Because rather than digging in the ground and mining whatever comes up, Taiwan has mined its 23 million people, their talent, energy and intelligence — men and women.
According to a study by the Organization for Economic Cooperation and Development, or OECD, “There is a significant negative relationship between the money countries extract from national resources and the knowledge and skills of their high school population, this is a global pattern that holds across 65 countries that took part in the latest PISA assessment.”
According to the latest PISA results, students in Singapore, Finland, South Korea, Hong Kong and Japan stand out as having high PISA scores and few natural resources, while Qatar and Kazakhstan stand out as having the highest oil rents and the lowest PISA scores.
So hold the oil, and pass the books.
Knowledge and skills have become the global currency of 21st-century economies, but there is no central bank that prints this currency. Everyone has to decide on their own how much they will print.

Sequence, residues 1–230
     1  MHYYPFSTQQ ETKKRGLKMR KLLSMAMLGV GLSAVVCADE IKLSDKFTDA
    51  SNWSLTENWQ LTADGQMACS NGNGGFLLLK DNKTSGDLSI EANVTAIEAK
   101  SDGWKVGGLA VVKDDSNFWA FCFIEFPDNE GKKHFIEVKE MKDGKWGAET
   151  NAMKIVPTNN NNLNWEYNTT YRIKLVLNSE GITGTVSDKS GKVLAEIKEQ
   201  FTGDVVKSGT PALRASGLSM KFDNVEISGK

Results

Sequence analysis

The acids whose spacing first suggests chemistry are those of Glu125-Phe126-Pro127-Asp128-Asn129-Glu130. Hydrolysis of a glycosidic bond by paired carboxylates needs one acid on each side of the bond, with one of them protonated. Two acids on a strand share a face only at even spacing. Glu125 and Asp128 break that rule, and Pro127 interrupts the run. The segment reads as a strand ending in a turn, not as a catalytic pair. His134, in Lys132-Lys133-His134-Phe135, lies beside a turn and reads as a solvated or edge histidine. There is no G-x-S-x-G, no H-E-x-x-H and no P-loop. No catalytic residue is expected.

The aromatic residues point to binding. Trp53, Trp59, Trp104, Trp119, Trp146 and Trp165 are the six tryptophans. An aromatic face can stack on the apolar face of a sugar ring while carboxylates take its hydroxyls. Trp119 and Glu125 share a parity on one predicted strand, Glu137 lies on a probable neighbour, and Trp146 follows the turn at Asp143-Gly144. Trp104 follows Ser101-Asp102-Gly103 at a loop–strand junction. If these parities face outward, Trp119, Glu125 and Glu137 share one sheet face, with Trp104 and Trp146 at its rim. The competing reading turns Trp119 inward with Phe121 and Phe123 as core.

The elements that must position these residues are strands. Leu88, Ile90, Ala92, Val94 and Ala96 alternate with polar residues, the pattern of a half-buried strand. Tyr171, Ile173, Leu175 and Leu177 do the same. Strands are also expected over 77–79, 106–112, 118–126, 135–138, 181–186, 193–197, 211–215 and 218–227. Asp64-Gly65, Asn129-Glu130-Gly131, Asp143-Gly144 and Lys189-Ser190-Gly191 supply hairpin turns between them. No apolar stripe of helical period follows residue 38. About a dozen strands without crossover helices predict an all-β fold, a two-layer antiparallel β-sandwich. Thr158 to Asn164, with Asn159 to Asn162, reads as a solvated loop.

The Greek philosopher Socrates is considered to be one of the wisest person, he was one of the founders of Western philosophy. He however used to say: “I know one thing: that I know nothing”. (Source)
On the contrary, when we see the debates on electronic media or the posts of most people on social networking sites like Facebook, we find that these people are so sure of ‘what they know’ that they are not even willing to listen an alternative point of view.
We, therefore, wonder how a person who is treated by the world as the wisest person says that ‘he knows nothing’ while so many ordinary folks claim to have all the knowledge of the world.
Was Socrates lying; or was he just trying to be humble; or was he actually speaking the truth?
A lot of what we are ‘know’ may actually be useless for us unless we apply the triple filter test.
You can easily see that most of what is believed to be ‘knowledge’ is actually neither true, nor good nor even useful. Yet people are so proud having such knowledge that are busy convincing others that they have solutions of all the problems of the world.
Only an ignorant person can give a categorical reply to all questions of life. Most people believe that they can answer any question of life. It requires the wisdom of highest order to accept that you don’t know much about anything. Hence only a wise man can say these words “I don’t know”, while fools are answering all questions of life.